During my time with the USA MTB team I was placed on a few road rosters for training in between mountain bike races where I got my first taste of the Road. The following year my Mountain bike situation started to deteriorate. The National Team still provided incredible support but no longer had a set roster, so I needed to find a trade team. That year I ended up spending a lot out of pocket to get to the non-USAC supported races and it started to sting. At the end of 2012 I received an offer from the Garmin Devo team and it was an easy decision. I love cycling in all forms and I am going to do it in any discipline that allows me to keep going.
PEZ: You adapted quickly – a Pan Am MTB medal in 2010 and US U23 Road Race Champion in 2011…
It was an easy transition for me. Despite being a Mountain Bike racer I spent a lot of time training on the road and was given even more opportunities to race with the Road National team in 2010 which really set me for seamless transfer. In 2011 I was also third at the U23 Mountain bike championships, which was a little disappointing because I wanted to prove that I still had the mountain side in me but, oh well…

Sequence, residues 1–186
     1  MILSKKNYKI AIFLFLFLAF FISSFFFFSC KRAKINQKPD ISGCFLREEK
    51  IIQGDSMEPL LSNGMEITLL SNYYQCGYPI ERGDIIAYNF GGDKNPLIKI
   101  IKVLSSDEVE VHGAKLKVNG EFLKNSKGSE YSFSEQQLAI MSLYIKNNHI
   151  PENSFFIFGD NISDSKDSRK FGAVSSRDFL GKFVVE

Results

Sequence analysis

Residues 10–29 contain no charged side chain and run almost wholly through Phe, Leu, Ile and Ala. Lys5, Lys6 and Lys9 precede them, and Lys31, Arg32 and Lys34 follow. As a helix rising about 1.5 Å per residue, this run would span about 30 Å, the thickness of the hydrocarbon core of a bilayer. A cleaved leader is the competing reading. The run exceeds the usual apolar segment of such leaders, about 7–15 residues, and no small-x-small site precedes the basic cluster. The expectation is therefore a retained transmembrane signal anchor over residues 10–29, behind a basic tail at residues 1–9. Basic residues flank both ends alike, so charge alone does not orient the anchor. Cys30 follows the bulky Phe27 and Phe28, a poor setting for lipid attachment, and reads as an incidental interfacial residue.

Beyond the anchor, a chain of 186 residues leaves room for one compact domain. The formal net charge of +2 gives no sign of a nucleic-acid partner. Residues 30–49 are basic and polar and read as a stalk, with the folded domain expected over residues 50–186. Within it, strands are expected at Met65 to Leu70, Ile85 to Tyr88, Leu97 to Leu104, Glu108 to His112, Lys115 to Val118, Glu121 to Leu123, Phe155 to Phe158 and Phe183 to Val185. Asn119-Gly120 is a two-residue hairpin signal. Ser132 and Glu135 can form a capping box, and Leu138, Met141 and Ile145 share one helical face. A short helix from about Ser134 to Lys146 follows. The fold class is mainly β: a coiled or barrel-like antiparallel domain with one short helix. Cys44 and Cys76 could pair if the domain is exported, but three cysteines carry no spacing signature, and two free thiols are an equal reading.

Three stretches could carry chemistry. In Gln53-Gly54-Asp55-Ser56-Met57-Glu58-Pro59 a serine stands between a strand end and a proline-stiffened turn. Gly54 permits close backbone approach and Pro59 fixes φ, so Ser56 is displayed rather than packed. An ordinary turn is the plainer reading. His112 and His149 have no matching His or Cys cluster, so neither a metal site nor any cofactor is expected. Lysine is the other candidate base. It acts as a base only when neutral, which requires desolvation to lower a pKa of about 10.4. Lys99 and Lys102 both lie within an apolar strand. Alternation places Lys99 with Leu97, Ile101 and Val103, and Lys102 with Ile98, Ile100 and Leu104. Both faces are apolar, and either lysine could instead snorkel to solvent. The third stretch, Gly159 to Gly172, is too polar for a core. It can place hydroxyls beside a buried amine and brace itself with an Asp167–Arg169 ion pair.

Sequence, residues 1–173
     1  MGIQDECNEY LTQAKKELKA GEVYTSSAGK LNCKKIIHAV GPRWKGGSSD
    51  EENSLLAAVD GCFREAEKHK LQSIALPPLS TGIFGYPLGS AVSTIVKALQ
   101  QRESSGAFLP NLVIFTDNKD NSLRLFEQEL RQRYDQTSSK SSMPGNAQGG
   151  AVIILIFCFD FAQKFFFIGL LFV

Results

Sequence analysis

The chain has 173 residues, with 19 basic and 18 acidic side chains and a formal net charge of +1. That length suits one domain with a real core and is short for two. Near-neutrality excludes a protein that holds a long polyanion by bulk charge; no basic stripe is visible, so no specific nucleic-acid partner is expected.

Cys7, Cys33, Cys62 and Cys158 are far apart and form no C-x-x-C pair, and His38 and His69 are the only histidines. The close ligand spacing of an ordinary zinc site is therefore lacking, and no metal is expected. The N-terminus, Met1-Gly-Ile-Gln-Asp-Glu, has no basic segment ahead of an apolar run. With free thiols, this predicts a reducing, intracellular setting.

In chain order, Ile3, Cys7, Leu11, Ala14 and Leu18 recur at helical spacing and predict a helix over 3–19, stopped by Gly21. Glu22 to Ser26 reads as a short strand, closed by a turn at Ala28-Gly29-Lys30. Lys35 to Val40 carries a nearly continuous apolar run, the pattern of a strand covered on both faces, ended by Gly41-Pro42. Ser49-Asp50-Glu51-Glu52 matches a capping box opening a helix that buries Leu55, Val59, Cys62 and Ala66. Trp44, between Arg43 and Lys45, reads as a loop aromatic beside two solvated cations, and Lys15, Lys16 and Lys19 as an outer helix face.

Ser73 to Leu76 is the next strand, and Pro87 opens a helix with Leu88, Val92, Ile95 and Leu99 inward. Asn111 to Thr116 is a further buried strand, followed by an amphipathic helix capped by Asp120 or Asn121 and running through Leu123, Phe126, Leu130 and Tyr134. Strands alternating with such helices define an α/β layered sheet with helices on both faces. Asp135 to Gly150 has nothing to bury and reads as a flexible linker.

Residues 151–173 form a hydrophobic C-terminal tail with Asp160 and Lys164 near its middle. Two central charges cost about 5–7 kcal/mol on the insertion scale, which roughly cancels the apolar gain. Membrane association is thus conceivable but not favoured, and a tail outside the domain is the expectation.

PEZ: You were with Chipotle; did you expect to move up to Garmin?
Yes, at the end of 2011 I was 100% committed to moving up to the Pro team in 2013 but then I had my health issues.
PEZ: Ceramica Flaminia in 2013 – sounds interesting!
‘Interesting’ is a tame way of putting it. My time spent living in Italy with the Ceramica Flaminia team provided me with many stories that I will tell for the rest of my life. I had been living in Tuscany with the US National team for the better part of the previous two years but it was easy because I was surrounded by friends and the incredible support network that is USAC. When I went to Italy, I jumped straight into the deep end of life outside the USA. I had a rudimentary understanding of Italian and not enough clothing for the Italian winter. All of a sudden cycling was a serious job with no room for error. The first few months were tough; getting to know the team, the area, what was expected of me, etc. After a while I made it work and during some harder times was rescued by my Agent Joao Correia who looked out for me like I was family.